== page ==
Each Wordfence installation has its own unique identifier – a “License key” (or API key). Free versions of Wordfence automatically have one of these. To upgrade to Wordfence premium, you purchase a premium License key and install it in place of the free key. You can read more about License Keys here.
General Wordfence Options
Update Wordfence automatically when a new version is released?
New vulnerabilities and infections appear daily. Keeping Wordfence up to date is a critical part of keeping your website secure. This ensures that you have the latest protection, detection and removal technology that Wordfence provides, and that you have a better chance of maintaining a secure website. As of WordPress 5.5, if you enable automatic updates for Wordfence on the Plugins page in wp-admin, WordPress’s built-in auto-updates will occur instead, and this option will have no effect, in order to avoid potential conflicts in updating the same plugin twice in a single cron hit. We recommend that you choose one method or the other, and still watch for pending updates, just in case an issue on your site prevents scheduled jobs from running. [Read more about Auto Update]
Where to email alerts
This is the email address where Wordfence emails its security alerts. This should usually be your WordPress site administrator’s email address, but you can add multiple email addresses here and separate them using commas.
How does Wordfence get IPs
Wordfence needs to determine each visitor’s IP address to provide security functions on your website. The Wordfence default configuration works just fine for most websites, but it’s important that this configuration is correct. For example, if Wordfence is not receiving IP addresses correctly and thinks an external visitor originates from a private address, it will whitelist that visitor and bypass security protocols. You can read more about which addresses Wordfence considers private here.
The Wordfence scanner has an option to “Scan for misconfigured How does Wordfence get IPs”. This scan feature can help you detect if the wrong option has been selected for “How does Wordfence get IPs.”
Another way of determining if Wordfence is getting IPs correctly is to check the “IPs” section in the Wordfence Tools > Diagnostics.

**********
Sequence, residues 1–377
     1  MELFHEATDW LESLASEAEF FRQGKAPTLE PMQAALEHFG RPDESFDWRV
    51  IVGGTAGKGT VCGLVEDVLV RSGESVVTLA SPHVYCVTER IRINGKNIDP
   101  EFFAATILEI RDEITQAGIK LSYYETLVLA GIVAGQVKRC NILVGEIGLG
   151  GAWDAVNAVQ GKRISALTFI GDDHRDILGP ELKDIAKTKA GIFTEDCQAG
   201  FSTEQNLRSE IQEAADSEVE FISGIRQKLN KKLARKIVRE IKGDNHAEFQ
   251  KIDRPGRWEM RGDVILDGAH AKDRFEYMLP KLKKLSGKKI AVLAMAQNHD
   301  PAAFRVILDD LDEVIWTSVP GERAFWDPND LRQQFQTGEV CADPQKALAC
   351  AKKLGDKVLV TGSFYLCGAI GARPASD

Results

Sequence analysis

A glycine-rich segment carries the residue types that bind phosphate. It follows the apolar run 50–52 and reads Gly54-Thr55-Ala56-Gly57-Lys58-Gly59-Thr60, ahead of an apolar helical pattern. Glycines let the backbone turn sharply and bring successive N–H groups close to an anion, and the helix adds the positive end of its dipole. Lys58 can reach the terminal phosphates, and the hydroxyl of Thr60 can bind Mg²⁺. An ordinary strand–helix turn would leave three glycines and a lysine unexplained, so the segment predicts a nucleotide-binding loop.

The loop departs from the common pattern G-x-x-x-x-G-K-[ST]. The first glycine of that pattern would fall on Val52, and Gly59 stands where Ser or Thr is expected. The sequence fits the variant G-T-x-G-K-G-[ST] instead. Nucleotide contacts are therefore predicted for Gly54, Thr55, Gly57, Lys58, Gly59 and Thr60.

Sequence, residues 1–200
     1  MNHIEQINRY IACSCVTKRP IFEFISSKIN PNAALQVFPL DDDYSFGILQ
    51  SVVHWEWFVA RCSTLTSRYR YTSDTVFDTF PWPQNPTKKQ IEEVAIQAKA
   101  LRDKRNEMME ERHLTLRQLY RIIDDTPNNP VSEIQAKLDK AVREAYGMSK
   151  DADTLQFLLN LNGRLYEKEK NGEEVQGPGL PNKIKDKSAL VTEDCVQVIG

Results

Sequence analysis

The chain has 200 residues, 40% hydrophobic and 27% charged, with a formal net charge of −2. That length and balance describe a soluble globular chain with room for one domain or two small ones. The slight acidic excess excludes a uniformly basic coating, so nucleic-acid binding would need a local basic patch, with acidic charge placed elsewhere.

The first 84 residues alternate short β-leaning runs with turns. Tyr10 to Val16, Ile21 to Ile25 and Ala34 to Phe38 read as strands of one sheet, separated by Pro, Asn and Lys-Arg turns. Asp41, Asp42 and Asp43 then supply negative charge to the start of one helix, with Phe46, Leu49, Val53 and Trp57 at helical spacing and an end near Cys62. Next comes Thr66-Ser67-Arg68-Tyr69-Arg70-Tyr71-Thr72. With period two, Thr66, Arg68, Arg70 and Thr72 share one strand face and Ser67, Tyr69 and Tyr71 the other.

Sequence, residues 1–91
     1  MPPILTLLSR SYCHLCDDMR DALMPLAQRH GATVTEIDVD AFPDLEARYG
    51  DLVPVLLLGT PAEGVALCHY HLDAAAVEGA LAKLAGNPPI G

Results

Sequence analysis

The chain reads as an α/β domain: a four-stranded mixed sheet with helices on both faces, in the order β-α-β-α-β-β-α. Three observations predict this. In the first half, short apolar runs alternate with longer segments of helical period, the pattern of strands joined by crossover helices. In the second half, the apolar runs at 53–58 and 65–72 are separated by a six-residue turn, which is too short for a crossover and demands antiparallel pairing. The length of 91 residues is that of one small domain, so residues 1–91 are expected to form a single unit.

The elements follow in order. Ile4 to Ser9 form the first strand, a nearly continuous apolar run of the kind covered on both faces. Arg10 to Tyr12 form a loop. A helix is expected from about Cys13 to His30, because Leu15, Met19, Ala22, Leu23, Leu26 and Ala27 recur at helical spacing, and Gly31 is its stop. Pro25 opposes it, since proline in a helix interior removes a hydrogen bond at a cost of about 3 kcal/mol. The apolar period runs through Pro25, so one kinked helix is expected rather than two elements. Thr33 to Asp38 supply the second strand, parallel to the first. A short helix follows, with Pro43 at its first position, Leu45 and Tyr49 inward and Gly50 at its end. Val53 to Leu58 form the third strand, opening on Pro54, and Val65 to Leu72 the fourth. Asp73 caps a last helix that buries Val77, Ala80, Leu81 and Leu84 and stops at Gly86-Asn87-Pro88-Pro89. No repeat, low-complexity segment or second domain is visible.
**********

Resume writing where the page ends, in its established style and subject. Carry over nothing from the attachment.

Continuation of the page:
Let Wordfence use the most secure method to get visitor IP addresses. Prevents spoofing and works with most sites.
This is the default mode of operation for Wordfence. Wordfence will try to get a valid IP address from PHP and if that doesn’t work, it will look at data that a firewall or reverse proxy sends in case your website uses this configuration.
This option provides a good balance between security and compatibility.
Use PHP’s built in REMOTE_ADDR and don’t use anything else. Very secure if this is compatible with your site.
If you know that you definitely don’t use a reverse proxy, cache, Cloudflare, CDN or anything else in front of your web server that “proxies” traffic to your website, and if you are sure that your website is just a standalone PHP web server, then using this option will work and is the most secure in a non-proxy or load balancer configuration.
You may also want to select this option for other reasons – for example to force Wordfence to use the $_SERVER[‘REMOTE_ADDR’] variable in PHP.
Use the X-Forwarded-For HTTP header. Only use if you have a front-end proxy or spoofing may result.
If you are using Nginx or another load balancer as a front-end-proxy or load balancer in front of your web server, and the front-end server sends IP addresses to the web server that runs WordPress using the HTTP X-Forwarded-For header, then you should enable this option.
Be careful about enabling this option if you do not have a front-end-proxy, load balancer, or CDN configuration, because it will then allow visitors to spoof their IP address and you will also miss many hits that should have been logged.
Use the X-Real-IP HTTP header. Only use if you have a front-end proxy or spoofing may result.
As with the X-Forwarded-For option above, only use this option if you are sure that you want Wordfence to retrieve the visitor IP address from the X-Real-IP HTTP header, and do not enable this if you don’t have a front-end proxy or load balancer that is sending visits to your real web server and adding the X-Real-IP header.
Use the Cloudflare “CF-Connecting-IP” HTTP header to get a visitor IP. Only use if you’re using Cloudflare.
Wordfence is fully compatible with CloudFlare, and in some configurations Cloudflare will send the real visitor IP address to your web server using the CF-Connecting-IP HTTP header. If the CloudFlare support personnel have advised you that this is the case, then enable this option on Wordfence to ensure that Wordfence is able to get your visitor IP address.
Note that Cloudflare has several configurations including their own web server module that takes care of detecting the visitor IP address, so be sure to work with their technical support staff and read their documentation to determine which configuration you’re using.
Multiple IPs detected
If your host requires using the X-Forwarded-For header, there may be multiple IP addresses detected. If your own IP address does not appear where it shows “Your IP with this setting,” you may need to add trusted proxies.
If you do not know whether your host uses more than one proxy address, contact your host or the reverse-proxy service that you use. If you know there is only one proxy address, it should be the last address in the “Detected IPs” field.
- Once you know which proxies to trust, click the + Edit trusted proxies link below the detected IPs.
- In the Trusted proxies field that appears, enter the IP addresses of the proxies. You can enter a single IP like 10.0.0.15. You can also enter a “CIDR” range like 10.0.0.0/24. Note that your host’s trusted IPs should not be the same addresses in these examples.
- Click Save Options to save the changes, and check that your IP appears correctly in the “Your IP with this setting” field.
Hide WordPress version
Disable Code Execution for Uploads directory